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ISIS Genocide: Will US Back Up Its Tough Talk?


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WASHINGTON -- While the Obama administration's decision to designate ISIS's atrocities against Christians and other minorities as "genocide" is important, many warn that it's only the beginning of the process.

Secretary of State John Kerry made the announcement Thursday.

"In my judgment Daesh is responsible for genocide against groups in territory under its control," Kerry said, using the Arabic acronym for the jihadist army.

It's a critical first step towards protecting Christians from ISIS and other Islamic radicals in Iraq and Syria.

"Every jihadist in the Middle East believes they can kill, kidnap, enslave and otherwise torture Christians and other religious minorities and they believe they can do it without repercussions," said Johnnie Moore, author of the book Defying ISIS.

In northern Iraq, Assyrian Christians are an ancient people descended from the first followers of Christ.

"As Assyrians of the Middle East we are on the verge of extinction," warned Juliana Taimoorazy, founder and president of the Iraqi Christian Relief Council, an organization that raises awareness about the persecuted Church in Iraq.

Taimoorazy recently visited Telskuf in the Nineveh Plains of Iraq, where 200,000 Christians have fled from ISIS.

"The homes are destroyed when you walk inside," she said. "Their closets are all broken, the beds are all overturned - the kitchens are destroyed."

Secretary Kerry's genocide designation helps keep the plight of these Christians near the front of U.S. foreign policy.

Advocates wasted no time celebrating. They're already working with the State Department to ensure Christians are represented in Syrian peace talks and that property rights for those forced to flee their homes in Iraq are enforced.

"There are going to be borders redrawn, constitutions redrafted," Nina Shea, a senior fellow at the Hudson Institute, told CBN News.

"It's absolutely essential that the Christians have a voice in this process or they will have no place in the new Syria or in the new Iraq," she warned.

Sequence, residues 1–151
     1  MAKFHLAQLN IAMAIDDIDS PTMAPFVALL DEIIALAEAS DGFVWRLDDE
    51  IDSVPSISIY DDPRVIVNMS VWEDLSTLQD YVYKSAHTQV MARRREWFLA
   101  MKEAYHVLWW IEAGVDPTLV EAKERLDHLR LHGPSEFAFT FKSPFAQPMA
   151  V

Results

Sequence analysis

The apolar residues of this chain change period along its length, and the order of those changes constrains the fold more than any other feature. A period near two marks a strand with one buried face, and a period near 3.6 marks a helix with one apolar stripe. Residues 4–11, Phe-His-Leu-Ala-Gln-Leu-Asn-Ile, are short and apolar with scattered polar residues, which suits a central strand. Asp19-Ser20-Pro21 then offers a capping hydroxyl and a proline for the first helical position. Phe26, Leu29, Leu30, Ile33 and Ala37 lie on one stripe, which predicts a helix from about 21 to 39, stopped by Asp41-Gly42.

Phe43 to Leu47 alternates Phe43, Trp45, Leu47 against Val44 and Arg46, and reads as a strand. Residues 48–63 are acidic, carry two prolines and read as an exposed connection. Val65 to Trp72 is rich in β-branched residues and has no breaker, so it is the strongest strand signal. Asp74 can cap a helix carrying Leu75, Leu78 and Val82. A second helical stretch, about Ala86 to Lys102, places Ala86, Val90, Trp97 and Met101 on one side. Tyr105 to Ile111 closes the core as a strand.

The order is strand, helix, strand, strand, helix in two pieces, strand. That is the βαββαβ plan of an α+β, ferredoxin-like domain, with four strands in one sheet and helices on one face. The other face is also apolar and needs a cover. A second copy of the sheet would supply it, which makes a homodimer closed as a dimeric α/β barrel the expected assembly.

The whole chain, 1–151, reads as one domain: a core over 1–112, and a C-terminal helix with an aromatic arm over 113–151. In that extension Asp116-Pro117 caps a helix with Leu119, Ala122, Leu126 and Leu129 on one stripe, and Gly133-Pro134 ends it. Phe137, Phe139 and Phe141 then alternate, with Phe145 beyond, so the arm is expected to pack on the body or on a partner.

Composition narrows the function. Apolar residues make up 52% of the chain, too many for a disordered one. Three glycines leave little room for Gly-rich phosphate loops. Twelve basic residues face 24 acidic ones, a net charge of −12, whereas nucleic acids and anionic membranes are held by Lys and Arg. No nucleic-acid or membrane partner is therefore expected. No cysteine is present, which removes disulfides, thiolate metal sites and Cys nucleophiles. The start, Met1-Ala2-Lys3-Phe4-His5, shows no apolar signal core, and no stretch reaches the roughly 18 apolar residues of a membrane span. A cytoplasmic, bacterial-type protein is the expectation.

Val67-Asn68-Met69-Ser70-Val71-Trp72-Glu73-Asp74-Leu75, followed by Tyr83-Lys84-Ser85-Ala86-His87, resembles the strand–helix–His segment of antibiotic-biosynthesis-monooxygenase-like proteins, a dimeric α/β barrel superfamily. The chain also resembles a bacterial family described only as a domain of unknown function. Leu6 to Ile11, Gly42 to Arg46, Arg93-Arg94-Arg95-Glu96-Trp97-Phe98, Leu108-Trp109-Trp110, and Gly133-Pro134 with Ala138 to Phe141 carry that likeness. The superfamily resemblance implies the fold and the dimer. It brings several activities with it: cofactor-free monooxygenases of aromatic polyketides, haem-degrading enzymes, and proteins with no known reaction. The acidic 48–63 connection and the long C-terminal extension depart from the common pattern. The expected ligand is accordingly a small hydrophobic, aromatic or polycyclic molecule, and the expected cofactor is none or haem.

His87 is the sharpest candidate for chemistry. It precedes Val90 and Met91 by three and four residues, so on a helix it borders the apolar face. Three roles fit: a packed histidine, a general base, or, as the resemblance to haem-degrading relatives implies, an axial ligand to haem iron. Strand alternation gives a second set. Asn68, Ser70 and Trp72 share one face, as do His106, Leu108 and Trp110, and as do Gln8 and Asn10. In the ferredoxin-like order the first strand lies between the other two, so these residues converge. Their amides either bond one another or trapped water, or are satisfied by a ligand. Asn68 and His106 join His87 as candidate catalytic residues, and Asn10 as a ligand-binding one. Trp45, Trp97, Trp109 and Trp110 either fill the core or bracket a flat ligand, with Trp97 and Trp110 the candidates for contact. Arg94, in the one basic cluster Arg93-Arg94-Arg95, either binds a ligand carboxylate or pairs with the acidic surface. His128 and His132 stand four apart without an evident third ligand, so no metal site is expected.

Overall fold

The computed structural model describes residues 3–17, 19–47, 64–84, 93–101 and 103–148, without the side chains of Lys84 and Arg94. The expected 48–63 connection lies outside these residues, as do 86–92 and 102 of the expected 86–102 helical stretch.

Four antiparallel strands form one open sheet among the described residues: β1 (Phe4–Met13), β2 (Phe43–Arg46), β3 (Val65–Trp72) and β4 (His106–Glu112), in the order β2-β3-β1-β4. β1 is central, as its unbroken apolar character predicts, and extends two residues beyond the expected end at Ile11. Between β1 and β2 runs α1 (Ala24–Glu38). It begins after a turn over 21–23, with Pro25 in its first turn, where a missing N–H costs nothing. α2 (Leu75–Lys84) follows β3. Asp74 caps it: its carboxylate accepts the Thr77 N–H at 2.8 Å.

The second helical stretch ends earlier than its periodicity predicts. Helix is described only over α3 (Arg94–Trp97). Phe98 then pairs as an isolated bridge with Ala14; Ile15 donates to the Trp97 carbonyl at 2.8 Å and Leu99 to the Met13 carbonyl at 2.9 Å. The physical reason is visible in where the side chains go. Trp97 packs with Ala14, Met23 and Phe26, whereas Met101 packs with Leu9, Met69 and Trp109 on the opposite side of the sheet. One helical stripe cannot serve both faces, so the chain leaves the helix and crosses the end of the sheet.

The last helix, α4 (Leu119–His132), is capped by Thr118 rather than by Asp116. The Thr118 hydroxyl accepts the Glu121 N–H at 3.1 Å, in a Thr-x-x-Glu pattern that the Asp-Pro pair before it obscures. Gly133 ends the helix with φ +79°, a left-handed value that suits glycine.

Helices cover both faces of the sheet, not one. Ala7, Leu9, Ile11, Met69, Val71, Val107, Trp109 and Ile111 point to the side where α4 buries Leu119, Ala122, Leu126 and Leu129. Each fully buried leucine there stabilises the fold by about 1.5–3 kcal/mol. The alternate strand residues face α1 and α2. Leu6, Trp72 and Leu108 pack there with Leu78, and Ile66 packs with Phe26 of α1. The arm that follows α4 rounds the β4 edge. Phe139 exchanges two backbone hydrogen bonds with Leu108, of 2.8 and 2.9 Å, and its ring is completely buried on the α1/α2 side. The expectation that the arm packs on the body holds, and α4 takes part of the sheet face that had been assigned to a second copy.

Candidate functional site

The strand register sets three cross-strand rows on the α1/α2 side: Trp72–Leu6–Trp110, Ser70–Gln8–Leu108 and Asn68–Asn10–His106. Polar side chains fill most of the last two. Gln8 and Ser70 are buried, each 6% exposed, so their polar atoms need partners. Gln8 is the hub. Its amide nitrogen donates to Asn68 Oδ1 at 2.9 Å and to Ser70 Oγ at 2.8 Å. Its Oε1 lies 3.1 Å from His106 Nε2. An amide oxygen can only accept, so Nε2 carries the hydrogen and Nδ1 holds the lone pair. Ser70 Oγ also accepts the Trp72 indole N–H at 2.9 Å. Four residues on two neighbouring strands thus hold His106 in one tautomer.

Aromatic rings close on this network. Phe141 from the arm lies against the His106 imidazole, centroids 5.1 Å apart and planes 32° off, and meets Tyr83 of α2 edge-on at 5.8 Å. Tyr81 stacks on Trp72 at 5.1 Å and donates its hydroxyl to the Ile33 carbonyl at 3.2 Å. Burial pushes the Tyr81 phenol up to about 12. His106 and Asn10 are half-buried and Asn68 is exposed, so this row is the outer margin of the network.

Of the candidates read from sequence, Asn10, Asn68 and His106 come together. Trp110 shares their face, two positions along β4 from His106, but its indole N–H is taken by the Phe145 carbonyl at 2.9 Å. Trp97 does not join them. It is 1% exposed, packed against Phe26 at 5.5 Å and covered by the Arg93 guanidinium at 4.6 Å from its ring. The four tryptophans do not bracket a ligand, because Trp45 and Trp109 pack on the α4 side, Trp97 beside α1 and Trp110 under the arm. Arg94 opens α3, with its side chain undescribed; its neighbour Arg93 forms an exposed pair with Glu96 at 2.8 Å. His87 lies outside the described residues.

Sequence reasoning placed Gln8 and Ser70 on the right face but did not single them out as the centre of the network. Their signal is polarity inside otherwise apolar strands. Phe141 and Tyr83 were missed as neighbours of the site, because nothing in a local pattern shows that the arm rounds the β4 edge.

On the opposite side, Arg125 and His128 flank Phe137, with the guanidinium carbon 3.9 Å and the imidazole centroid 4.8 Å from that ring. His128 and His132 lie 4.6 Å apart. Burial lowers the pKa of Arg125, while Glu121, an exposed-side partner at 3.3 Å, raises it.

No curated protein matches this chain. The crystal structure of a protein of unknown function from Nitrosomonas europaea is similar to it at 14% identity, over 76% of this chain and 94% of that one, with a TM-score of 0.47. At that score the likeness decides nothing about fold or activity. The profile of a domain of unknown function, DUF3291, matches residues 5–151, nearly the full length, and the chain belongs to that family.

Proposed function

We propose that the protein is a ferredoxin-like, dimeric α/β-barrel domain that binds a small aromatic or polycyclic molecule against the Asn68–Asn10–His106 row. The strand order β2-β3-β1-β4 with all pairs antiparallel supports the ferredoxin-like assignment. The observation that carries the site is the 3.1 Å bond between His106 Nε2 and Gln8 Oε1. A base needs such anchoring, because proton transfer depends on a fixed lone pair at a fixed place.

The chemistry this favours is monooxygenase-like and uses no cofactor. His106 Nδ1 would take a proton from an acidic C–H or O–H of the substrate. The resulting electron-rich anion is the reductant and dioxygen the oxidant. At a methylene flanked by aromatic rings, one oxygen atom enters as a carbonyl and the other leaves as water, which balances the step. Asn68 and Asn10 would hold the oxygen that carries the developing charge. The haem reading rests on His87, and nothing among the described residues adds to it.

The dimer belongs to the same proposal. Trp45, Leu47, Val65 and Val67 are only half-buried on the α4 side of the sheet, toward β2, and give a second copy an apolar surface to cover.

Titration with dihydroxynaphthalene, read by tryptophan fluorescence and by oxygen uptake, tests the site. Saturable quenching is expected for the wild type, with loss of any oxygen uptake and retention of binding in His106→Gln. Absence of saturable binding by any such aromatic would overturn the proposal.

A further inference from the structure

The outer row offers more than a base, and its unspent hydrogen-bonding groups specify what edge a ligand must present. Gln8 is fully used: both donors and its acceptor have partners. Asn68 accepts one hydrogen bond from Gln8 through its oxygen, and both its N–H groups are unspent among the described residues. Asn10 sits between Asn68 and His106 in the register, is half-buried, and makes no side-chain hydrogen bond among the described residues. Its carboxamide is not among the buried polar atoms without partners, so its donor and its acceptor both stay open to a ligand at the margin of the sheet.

There's already an effort to create a safe haven in the Nineveh Plains so that Christians, Yazidis and other minorities can return home, govern themselves and rebuild their lives without fear of extermination.

"If you care about the presence of Christianity, the Christian witness, in this very Gospel poor part of the world you will support the idea of a safe haven," Robert Nicholson, executive director of the Philos Project, told CBN News.

In spite of the horrors they've experienced at the hands of ISIS, Christians in this part of the world are experiencing a revival of their faith.

"They have told me repeatedly it's because of persecution that has been inflicted on them that they have grown closer to Christ that they find themselves praying more that they're thirsty for the Gospel more," Taimoorazy said.

Now the same advocates who pushed for the genocide designation are moving to keep up the pressure, hoping to ensure the Obama administration not only talks, but acts to protect those persecuted Christians and other religious minorities.

They hope to make real progress before the next administration moves into the White House.    

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About The Author


As Senior Washington Correspondent for CBN News, Jennifer covers the intersection of faith and politics - often producing longer format stories that dive deep into the most pressing issues facing Americans today. A 20-year veteran journalist, Jennifer has spent most of her career covering politics, most recently at the White House as CBN's chief White House Correspondent covering the Obama and Trump administrations. She's also covered Capitol Hill along with a slew of major national stories from the 2008 financial crisis to the 2020 coronavirus pandemic and every election in between. Jennifer